Int J Med Sci 2013; 10(10):1367-1374. doi:10.7150/ijms.6014
The Role of Serum Procalcitonin Levels in Predicting Ascitic Fluid Infection in Hospitalized Cirrhotic and Non-cirrhotic Patients
1. Department of Microbiology, Antalya Training and Research Hospital, Antalya, Turkey.
2. Department of Gastroenterology, Antalya Training and Research Hospital, Antalya, Turkey.
3. Department of Internal Medicine, Antalya Training and Research Hospital, Antalya, Turkey.
4. Department of Biostatistics and Medical Informatics, Akdeniz University Faculty of Medicine Antalya, Turkey.
Cekin Y, Cekin AH, Duman A, Yilmaz U, Yesil B, Yolcular BO. The Role of Serum Procalcitonin Levels in Predicting Ascitic Fluid Infection in Hospitalized Cirrhotic and Non-cirrhotic Patients. Int J Med Sci 2013; 10(10):1367-1374. doi:10.7150/ijms.6014. Available from http://www.medsci.org/v10p1367.htm
Objective: To determine the role of serum procalcitonin levels in predicting ascites infection in hospitalized cirrhotic and non-cirrhotic patients.
Methods: A total of 101 patients (mean age: 63.4±1.3, 66.3% were males) hospitalized due to cirrhosis (n=88) or malignancy related (n=13) ascites were included in this study. Spontaneous bacterial peritonitis (SBP, 19.8%), culture-negative SBP (38.6%), bacterascites (4.9%), sterile ascites (23.8%) and malign ascites (12.9%) groups were compared in terms of procalcitonin levels in predicting ascites infection. Receiver operating characteristic (ROC) curves were used to evaluate the diagnostic performance of procalcitonin levels and predicting outcome of procalcitonin levels was compared with C-reactive protein (CRP).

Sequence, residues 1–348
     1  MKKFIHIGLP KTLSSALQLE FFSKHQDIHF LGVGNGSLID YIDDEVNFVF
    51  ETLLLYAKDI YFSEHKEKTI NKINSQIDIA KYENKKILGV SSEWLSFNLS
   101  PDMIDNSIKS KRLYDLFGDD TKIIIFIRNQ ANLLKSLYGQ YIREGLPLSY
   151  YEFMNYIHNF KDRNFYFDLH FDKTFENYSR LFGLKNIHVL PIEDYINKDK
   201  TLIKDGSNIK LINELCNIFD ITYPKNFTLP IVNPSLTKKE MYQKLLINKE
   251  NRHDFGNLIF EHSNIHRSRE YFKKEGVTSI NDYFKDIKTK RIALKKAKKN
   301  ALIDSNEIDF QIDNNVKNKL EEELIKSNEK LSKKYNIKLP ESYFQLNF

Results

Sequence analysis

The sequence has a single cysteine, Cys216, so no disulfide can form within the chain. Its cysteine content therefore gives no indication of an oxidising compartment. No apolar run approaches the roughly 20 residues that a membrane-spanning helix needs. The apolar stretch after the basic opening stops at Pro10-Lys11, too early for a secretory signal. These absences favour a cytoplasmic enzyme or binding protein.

Results: Culture positivity was determined in 26.7% of overall population. Serum procalcitonin levels were determined to be significantly higher in patients with positive bacterial culture in ascitic fluid compared to patients without culture positivity (median (min-max): 4.1 (0.2-36.4) vs. 0.4 (0.04-15.8), p<0.001). Using ROC analysis, a serum procalcitonin level of <0.61 ng/mL in SBP (area under curve (AUC): 0.981, CI 95%: 0.000-1.000, p<0.001), <0.225 ng/mL in culture-negative SBP (AUC: 0.743, CI 95%: 0.619-0.867, p<0.001), <0.42 ng/mL in SBP and culture-negative SBP patients (AUC: 0.824, CI 95%: 0.732-0.916, p<0.001), and <1.12 ng/mL in bacterascites (AUC: 0.837, CI 95%: 0.000-1.000, p=0.019) were determined to accurately rule out the diagnosis of bacterial peritonitis. Predictive power of serum procalcitonin levels in SBP + culture-negative SBP group (AUCs: 0.824 vs 0.622, p=0.004, Fig 4), culture-positive SBP (AUCs: 0.981 vs 0.777, p=0.006, Fig 5) and (although less powerfull) in culture-negative SBP (AUCs: 0.743 vs 0.543, p=0.02, Fig 6) were found significantly higher than CRP.
Conclusion: According to our findings determination of serum procalcitonin levels seems to provide satisfactory diagnostic accuracy in differentiating bacterial infections in hospitalized patients with liver cirrhosis related ascites.
Keywords: Procalcitonin, ascitic fluid infection, hospitalized patients, cirrhosis, malignancy, cut-off value.